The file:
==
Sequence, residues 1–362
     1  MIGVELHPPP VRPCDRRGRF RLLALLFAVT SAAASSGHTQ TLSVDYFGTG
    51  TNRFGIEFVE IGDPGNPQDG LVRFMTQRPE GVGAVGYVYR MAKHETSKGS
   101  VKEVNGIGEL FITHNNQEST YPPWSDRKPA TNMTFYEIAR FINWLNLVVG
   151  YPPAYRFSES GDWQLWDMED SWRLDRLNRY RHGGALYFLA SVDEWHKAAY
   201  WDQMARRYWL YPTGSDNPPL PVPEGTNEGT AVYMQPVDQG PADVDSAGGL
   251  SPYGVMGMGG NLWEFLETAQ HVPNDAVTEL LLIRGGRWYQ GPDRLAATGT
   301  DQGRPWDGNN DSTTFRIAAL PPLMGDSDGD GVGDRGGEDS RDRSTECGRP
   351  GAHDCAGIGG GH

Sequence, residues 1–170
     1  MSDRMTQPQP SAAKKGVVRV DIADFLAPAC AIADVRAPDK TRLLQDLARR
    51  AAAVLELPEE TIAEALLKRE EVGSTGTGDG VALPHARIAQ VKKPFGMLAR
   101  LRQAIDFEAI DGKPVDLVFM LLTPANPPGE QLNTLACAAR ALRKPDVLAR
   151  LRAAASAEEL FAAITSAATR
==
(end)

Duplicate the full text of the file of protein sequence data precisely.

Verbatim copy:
Sequence, residues 1–362
     1  MIGVELHPPP VRPCDRRGRF RLLALLFAVT SAAASSGHTQ TLSVDYFGTG
    51  TNRFGIEFVE IGDPGNPQDG LVRFMTQRPE GVGAVGYVYR MAKHETSKGS
   101  VKEVNGIGEL FITHNNQEST YPPWSDRKPA TNMTFYEIAR FINWLNLVVG
   151  YPPAYRFSES GDWQLWDMED SWRLDRLNRY RHGGALYFLA SVDEWHKAAY
   201  WDQMARRYWL YPTGSDNPPL PVPEGTNEGT AVYMQPVDQG PADVDSAGGL
   251  SPYGVMGMGG NLWEFLETAQ HVPNDAVTEL LLIRGGRWYQ GPDRLAATGT
   301  DQGRPWDGNN DSTTFRIAAL PPLMGDSDGD GVGDRGGEDS RDRSTECGRP
   351  GAHDCAGIGG GH

Sequence, residues 1–170
     1  MSDRMTQPQP SAAKKGVVRV DIADFLAPAC AIADVRAPDK TRLLQDLARR
    51  AAAVLELPEE TIAEALLKRE EVGSTGTGDG VALPHARIAQ VKKPFGMLAR
   101  LRQAIDFEAI DGKPVDLVFM LLTPANPPGE QLNTLACAAR ALRKPDVLAR
   151  LRAAASAEEL FAAITSAATR